Once you change to Read-Write mode, Disk Editor will stay in this mode, and will use Read-Write mode every time you use it. To change back to Read-Only mode, repeat the steps above, but place a checkmark in the Read-Only box. If you are using Disk Editor in Read-Write mode, you will see the message "Drive x is Locked" when you scan a drive.
Undeleting an Erased File
Once you have configured Disk Editor to work in Read-Write mode, you can use it to undelete a file. To recover an erased file, follow this procedure:
1. To change to the folder containing the erased file, highlight the folder containing the erased file and press ENTER. In this example, we will recover the erased file VERISI~1.GIF.
2. Place the cursor under the lowercase sigma symbol and enter the letter you want to use to rename the file.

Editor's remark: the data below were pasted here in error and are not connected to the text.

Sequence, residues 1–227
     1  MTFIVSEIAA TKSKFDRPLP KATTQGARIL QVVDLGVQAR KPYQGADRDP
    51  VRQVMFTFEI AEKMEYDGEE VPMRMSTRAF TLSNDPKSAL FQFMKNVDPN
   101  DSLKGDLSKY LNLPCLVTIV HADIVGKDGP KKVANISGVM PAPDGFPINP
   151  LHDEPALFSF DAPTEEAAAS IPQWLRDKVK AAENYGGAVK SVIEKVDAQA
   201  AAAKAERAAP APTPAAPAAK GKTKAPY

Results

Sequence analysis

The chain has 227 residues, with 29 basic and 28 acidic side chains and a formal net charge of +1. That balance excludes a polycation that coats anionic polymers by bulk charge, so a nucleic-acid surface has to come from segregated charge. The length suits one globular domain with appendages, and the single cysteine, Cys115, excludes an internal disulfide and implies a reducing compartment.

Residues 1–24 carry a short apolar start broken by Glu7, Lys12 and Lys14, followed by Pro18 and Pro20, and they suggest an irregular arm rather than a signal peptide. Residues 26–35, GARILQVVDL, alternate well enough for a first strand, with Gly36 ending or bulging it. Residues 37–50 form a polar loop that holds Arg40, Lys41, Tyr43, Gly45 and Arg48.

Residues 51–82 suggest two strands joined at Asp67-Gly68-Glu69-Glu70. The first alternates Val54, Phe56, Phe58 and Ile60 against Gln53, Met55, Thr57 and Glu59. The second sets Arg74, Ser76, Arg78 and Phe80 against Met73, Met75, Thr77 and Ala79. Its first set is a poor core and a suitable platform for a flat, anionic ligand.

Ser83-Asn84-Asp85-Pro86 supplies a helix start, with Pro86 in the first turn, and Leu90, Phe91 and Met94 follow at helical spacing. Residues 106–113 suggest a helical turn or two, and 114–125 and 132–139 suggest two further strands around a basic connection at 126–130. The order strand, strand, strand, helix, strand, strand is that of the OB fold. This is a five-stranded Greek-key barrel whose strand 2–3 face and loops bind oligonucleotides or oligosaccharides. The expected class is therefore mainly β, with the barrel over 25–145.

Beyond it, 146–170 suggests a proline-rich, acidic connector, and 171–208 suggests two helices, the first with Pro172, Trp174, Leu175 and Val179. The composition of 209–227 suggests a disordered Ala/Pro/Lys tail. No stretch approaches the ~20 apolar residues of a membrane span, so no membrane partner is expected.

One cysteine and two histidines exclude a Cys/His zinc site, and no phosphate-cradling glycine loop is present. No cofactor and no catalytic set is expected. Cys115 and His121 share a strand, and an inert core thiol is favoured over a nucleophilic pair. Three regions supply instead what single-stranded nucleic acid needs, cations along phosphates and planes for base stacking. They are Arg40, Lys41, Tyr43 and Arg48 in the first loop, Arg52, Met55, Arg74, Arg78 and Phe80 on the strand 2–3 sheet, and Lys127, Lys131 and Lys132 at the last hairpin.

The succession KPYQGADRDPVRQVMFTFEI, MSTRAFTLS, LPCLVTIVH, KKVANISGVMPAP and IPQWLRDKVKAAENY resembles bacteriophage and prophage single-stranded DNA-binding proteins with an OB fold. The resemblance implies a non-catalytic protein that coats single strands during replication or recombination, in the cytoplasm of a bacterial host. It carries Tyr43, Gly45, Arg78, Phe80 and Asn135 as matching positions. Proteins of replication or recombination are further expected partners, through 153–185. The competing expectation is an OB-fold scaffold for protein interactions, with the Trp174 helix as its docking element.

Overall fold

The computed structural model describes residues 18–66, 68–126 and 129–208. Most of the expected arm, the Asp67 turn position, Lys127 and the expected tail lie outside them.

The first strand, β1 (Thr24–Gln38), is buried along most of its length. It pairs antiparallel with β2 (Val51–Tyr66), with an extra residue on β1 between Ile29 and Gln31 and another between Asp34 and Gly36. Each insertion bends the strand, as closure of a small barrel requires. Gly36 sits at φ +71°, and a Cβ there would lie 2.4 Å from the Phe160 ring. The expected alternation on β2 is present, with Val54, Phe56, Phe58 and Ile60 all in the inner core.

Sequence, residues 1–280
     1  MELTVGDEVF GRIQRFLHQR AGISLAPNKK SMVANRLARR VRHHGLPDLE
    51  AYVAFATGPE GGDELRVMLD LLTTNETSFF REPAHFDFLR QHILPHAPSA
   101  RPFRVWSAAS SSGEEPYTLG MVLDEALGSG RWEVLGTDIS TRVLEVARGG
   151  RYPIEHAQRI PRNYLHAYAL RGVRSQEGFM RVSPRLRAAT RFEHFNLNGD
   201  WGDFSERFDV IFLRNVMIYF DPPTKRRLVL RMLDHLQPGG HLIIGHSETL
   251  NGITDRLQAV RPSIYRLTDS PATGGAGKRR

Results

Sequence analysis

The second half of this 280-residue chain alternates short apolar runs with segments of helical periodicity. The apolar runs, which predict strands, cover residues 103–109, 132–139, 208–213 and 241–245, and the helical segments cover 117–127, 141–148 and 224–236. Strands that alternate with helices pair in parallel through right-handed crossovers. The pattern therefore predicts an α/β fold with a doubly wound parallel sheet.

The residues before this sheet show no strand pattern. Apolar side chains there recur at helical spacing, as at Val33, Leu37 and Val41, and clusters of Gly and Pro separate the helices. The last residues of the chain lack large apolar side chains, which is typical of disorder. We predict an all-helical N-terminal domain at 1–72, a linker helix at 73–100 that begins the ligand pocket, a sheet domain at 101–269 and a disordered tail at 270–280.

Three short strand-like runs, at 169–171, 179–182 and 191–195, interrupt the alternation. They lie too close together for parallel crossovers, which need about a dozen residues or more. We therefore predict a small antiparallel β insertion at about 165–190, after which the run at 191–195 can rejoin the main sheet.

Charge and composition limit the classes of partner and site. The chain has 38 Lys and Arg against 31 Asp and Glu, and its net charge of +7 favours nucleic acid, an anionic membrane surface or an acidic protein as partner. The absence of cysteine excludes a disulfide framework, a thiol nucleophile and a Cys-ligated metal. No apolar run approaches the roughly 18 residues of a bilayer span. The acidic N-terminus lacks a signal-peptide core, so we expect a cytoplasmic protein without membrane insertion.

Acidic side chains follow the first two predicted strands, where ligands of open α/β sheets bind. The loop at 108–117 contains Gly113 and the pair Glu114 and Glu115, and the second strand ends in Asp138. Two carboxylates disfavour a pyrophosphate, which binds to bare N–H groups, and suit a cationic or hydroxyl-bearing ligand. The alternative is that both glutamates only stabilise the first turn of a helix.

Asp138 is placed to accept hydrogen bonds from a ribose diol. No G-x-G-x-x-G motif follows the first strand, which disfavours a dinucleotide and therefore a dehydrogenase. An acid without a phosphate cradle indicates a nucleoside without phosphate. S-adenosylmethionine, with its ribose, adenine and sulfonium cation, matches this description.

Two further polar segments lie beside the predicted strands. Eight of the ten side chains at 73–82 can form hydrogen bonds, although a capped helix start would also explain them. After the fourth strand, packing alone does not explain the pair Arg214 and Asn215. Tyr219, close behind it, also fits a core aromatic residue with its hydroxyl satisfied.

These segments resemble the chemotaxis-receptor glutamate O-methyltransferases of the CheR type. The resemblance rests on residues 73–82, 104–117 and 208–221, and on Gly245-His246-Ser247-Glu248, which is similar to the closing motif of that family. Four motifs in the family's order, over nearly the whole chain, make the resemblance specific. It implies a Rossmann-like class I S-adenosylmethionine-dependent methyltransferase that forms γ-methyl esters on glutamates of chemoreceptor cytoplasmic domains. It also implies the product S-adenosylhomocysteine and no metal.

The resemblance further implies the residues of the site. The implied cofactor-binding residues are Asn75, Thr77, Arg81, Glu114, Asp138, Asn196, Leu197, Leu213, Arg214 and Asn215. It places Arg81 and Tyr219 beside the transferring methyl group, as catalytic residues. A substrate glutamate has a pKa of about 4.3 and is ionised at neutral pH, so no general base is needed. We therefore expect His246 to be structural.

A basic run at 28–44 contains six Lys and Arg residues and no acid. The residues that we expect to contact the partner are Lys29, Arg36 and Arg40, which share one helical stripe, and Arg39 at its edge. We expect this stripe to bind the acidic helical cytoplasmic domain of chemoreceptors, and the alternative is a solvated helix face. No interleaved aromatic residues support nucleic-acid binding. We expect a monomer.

3. If the keyboard is in Insert mode, the lower-case sigma will move to the right; press the Delete key to delete this symbol.
4. This restores the filename, but even though the ID changes from Erased to File, this does not complete the file-retrieval process. You must now find the rest of the clusters used by the file. To the right of the filename, the first cluster used by the file is listed.
6. To go to the next cluster used by the file, press Ctrl-T to open the Cluster Chain command. Since you changed the name of the file, you are prompted to write the changes to the disk before you can continue. Press W or click Write to save the changes and continue.
7. The FAT view of the clusters starting with the first cluster of the erased file is shown. As we calculated earlier for VERISI~1.GIF, this file uses twelve clusters starting with cluster 632. We see twelve contiguous clusters that have been zeroed out. Even if we hadnt looked at the clusters this file used before we deleted it, its likely that the file occupies these clusters. At this point, we can manually enter the cluster numbers into the empty fields or we can scan the disk to determine if these are the correct clusters for the file.